Journal Logo

C-18 Thematic Poster - Fatigue Thursday, June 2, 2016, 8: 00 AM - 10: 00 AM Room: 109

The Influence of Sport-Specific Fatigue on Neuromuscular Activation and Joint Angles in ACL Reconstructed Knees

1293 Board #5 June 2, 8

00 AM - 10

00 AM

Huis ‘t Veld, Rianne in; van den Hoven, Carmen; Maartens, Erik; Hoogendoorn, Stephanie; Hoogeslag, Roy; Peters, Anil; Rompen, Christiaan; Reenalda, Jasper

Author Information
Medicine & Science in Sports & Exercise: May 2016 - Volume 48 - Issue 5S - p 336
doi: 10.1249/01.mss.0000486018.00698.34
  • Free

Reconstructive surgery is done to re-establish dynamic knee stability after anterior cruciate ligament (ACL) rupture. Clinical results show that only 50% of patients return to their previous competative level and 33% suffer a contralateral ACL rupture or re-rupture. Literature shows increased risk of rupture near the end of a competition, yet no research has been done on combined neuromuscular and kinematic changes following sport-specific fatigue in ACL reconstructed (ACLr) knees. Research has been restricted to laboratories, though advances in sensor technology now allow for outside, sport-specific measurements.

PURPOSE: Objectifying effects of sport-specific fatigue on joint angles and neuromuscular activation of the ACLr knee.

METHODS: 8 patients (5 male, 3 female, 21.6 ± 3.7 yrs, 179.5 ± 9.2 cm. 70 ± 27.6 kg) 1 year post ACLr (Hamstring tendon graft) ran 4x15 minutes on a 20m course, interspersed with hop-tests (HT) (drop-vertical jump (DVJ) and hop for distance (HfD)). Bilateral surface electromyography (EMG) of the m. vastus lateralis (VL) and m. biceps femoris (BF) was combined with wireless inertial magnetic units (IMU’s) at the sacrum, upper and lower legs to measure kinematics. A repeated measures ANOVA (P < .05) was used to compare EMG (VL:BF activation ratio) and IMU data (3D knee ROM) during landing phases of 5 HT series and each running block.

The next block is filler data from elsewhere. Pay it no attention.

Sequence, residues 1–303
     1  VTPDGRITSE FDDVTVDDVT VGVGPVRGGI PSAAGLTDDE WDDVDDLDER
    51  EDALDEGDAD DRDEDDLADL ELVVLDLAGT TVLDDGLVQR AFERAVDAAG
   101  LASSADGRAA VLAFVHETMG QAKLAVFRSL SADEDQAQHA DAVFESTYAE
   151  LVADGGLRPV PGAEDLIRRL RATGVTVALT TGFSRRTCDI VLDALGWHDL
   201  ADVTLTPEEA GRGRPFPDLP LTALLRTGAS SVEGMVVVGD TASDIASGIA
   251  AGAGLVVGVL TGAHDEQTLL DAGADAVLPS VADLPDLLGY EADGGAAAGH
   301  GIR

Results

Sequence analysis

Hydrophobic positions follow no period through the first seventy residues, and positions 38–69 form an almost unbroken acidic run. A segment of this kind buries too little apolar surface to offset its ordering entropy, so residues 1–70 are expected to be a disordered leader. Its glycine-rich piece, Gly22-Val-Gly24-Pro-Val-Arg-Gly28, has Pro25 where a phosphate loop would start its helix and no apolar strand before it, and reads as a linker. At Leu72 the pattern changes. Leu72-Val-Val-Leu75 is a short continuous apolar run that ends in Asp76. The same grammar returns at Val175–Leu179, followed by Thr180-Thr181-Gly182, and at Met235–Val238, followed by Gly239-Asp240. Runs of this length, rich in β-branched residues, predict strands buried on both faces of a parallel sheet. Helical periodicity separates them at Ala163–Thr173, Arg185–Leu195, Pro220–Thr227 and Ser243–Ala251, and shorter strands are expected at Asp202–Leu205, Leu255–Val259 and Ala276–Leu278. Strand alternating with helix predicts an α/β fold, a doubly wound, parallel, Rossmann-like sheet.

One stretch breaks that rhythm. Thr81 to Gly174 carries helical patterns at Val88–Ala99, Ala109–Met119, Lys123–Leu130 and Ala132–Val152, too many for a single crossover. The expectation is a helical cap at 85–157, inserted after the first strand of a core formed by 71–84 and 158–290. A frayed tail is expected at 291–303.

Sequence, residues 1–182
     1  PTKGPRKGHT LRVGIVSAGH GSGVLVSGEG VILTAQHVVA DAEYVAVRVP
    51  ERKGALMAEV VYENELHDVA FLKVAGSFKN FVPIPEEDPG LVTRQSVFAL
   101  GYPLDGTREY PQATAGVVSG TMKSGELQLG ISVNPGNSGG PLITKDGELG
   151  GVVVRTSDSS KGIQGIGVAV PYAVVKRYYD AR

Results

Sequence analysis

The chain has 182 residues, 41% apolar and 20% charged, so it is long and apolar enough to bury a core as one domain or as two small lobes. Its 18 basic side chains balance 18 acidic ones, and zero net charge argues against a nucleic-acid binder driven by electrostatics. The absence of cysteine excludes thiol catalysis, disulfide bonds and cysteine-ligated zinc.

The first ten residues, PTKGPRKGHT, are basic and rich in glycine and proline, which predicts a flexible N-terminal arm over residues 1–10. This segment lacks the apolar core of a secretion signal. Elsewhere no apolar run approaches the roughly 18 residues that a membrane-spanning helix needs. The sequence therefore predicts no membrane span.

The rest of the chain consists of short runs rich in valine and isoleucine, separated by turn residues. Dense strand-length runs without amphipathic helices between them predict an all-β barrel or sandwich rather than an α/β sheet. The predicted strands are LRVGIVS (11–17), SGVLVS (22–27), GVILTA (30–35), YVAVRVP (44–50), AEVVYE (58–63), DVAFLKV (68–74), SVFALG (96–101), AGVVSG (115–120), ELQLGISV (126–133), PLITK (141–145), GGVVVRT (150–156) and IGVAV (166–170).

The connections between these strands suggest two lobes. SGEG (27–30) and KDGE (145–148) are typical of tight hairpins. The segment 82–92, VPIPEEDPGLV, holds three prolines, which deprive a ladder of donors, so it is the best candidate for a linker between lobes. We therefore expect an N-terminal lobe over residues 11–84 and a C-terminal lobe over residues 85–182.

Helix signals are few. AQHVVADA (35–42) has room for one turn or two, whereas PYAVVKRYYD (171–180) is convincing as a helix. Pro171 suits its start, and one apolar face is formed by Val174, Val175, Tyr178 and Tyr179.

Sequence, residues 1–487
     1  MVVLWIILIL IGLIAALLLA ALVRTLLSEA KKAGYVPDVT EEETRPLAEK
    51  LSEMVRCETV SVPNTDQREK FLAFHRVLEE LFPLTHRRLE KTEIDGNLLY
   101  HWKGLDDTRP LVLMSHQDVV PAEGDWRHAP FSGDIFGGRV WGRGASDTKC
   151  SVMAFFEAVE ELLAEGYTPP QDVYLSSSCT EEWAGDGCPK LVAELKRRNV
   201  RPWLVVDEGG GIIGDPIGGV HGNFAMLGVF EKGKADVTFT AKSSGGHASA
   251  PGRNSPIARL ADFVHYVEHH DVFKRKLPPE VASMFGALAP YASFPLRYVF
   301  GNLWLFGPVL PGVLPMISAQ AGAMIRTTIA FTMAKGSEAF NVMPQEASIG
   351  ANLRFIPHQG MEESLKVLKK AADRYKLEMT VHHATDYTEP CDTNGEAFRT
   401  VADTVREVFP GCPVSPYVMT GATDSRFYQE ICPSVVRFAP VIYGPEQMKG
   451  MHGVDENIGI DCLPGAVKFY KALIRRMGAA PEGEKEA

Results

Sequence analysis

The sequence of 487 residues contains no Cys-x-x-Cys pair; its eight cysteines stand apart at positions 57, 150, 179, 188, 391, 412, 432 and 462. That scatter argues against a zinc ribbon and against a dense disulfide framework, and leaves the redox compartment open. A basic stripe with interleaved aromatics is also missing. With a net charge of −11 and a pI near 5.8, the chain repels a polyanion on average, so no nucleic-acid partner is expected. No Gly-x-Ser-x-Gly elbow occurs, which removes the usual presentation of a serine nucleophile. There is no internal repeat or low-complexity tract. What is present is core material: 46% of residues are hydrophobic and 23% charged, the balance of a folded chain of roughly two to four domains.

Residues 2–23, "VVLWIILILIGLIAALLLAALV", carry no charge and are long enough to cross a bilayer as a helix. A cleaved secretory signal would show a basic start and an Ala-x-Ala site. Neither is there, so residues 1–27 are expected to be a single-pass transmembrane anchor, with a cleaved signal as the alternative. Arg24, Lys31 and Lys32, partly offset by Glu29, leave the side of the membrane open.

RESULTS: VL:BF ratio increased during the 2nd running block (0.83 ± 0.14 → 1.07 ± 0.08). Changes in knee flexion angles were seen (F4,28 = 40.96, P < .001). Post hoc Tukey analysis showed significant changes between the unfatigued 1st and slightly fatigued 3rd HT (DVJ: 18.3 ± 5.10 → 15.9 ± 5.70. HfD: 22.3 ± 5.50 → 19.4 ± 6.10). Non-significant decreases are seen in the last HT (DVJ: 9.9 ± 5.80. HfD: 19.0 ± 6.10). Max knee valgus angles during the DVJ HT increased with fatigue (F4,28 = 18.18, P < .001. 2.7 ± 3.60 → 4.9 ± 3.00). Strikingly, ACLr knees showed significant (Wilcoxon, P<0.031) lower valgus angles (4.0 ± 1.50) compared to the healthy side (5.6 ± 2.40) in fatigued HT.

CONCLUSIONS: This was the first study to combine neuromuscular and kinematic measurements in a sport-specific setting to objectify effects of fatigue. In line with the notion of increasing ACL ruptures towards the end of competition, sport-specific fatigue affected muscle activation and kinematics of the ACLr knee.

© 2016 American College of Sports Medicine